I wish people would take their marriage or even a relationship seriously and would not divorce for lame reasons. For there are people out there who are in a horrendous relationship and are forced to live with it.

Sona Thapa

End of semester is chaos - and it's not right

I want to know why teachers feel they must wait until the end of the semester to slap down tons of work on students. Do they enjoy watching students stress and lose even more sleep than what they are already sacrificing? From personal experience, I feel that teachers sometime procrastinate as much as students do, and wait to assign the large projects closer toward the end of the semester.

This past week, I worked on four different projects for four different classes, which includes meeting with groups and working with other’s schedules. The sheer size of these projects insist that you spend most of your time on each one, but then how are you to make a good grade on all of them if you focus on one?

I have members of my different groups angry with me because they feel that I am slacking off, when in reality I am desperately trying to manage my time for each project. The horrible reality is that for some of my projects, the members of the group grade each other! So that means I am probably going to get a bad grade from some of the members in my team because they feel that I am not doing my part as fast as they would like.

When you try to talk to some professors about students grading each other, they shrug their shoulders and tell you that is life, and they leave your grade the way it is. I believe that if you can prove with physical evidence that you need extra time on a major project due to conflict of other projects, teachers should work with you and give you extensions.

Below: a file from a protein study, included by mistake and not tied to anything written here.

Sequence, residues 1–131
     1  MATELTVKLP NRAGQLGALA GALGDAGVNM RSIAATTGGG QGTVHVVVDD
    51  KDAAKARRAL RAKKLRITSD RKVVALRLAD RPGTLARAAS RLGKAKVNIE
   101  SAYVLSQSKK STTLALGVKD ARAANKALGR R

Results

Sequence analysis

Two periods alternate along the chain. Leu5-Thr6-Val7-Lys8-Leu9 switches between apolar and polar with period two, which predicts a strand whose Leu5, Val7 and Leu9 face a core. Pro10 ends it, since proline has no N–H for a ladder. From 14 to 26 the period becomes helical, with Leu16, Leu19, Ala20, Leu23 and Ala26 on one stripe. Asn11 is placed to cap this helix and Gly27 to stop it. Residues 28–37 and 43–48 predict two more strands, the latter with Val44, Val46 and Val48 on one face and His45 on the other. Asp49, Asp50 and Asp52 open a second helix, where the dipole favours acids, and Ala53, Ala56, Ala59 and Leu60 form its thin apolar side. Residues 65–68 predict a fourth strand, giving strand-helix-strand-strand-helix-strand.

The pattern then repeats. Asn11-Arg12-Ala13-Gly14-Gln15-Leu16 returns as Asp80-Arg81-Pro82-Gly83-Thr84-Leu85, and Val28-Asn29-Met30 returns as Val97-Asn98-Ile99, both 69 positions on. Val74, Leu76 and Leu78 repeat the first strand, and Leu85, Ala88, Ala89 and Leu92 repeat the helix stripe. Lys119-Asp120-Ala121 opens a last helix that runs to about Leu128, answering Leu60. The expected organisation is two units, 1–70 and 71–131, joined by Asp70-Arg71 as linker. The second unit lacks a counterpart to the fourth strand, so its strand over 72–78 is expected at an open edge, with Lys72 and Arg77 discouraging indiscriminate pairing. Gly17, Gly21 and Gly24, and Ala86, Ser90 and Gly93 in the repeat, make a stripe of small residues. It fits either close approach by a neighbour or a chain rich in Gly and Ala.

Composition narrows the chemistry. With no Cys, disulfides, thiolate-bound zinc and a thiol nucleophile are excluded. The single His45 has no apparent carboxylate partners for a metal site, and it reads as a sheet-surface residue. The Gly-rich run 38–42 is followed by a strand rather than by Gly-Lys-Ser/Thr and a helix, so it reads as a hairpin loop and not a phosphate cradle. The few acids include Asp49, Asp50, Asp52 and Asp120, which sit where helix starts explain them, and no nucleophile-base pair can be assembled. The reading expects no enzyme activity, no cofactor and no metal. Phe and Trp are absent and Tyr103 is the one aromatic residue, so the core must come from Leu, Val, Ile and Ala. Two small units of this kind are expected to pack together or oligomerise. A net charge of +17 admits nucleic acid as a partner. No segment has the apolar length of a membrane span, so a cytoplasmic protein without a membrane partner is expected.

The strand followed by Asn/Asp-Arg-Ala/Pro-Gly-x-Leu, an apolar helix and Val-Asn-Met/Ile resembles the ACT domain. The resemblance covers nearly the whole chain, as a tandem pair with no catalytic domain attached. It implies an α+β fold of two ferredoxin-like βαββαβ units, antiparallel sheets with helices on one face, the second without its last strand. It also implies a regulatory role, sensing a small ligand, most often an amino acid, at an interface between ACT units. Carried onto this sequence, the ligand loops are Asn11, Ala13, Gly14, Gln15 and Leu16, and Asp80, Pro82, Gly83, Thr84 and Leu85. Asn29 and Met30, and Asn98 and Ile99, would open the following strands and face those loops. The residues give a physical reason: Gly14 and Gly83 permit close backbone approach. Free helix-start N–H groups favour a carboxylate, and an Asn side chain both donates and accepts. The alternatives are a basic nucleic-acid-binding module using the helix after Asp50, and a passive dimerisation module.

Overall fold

Some projects I have to do require specific lab hours with specific computers. How am I supposed to utilize those lab hours when students are fighting over the 15 computers that the lab offers, and members from my other groups want to meet during these lab hours? They get mad at me when I have to attend lab instead of attending the meeting.

Professors need to assign large projects at different times in the semester so that students can devote enough time for each project to make a good grade. What do you think?

Cody Kilpatrick

Professors, students need to strike a balance

With final tests approaching, many students are beginning to feel the unwelcome pressure creeping near. As the semester draws to a close, professors tend to load students with projects, assignments, readings, and more tests.

Why can’t these tasks be assigned three or four weeks prior to finals? Why must everything be due during the last two weeks of school? Are professors in desperate need of grades or are they not prepared and quickly trying to squeeze in needed material?

The added stress tends to leave students with deep feelings of despair and hopelessness. Is there a solution to this ongoing problem that could possibly help to alleviate this unwanted strain on students?

Professors and students need to create a fair balance in order for both to be successful. Professors should learn from their experiences what subjects are important for a student to comprehend and what can possibly be left untaught.
This balance would help students grasp their knowledge while also leaving the semester with a positive and energetic attitude.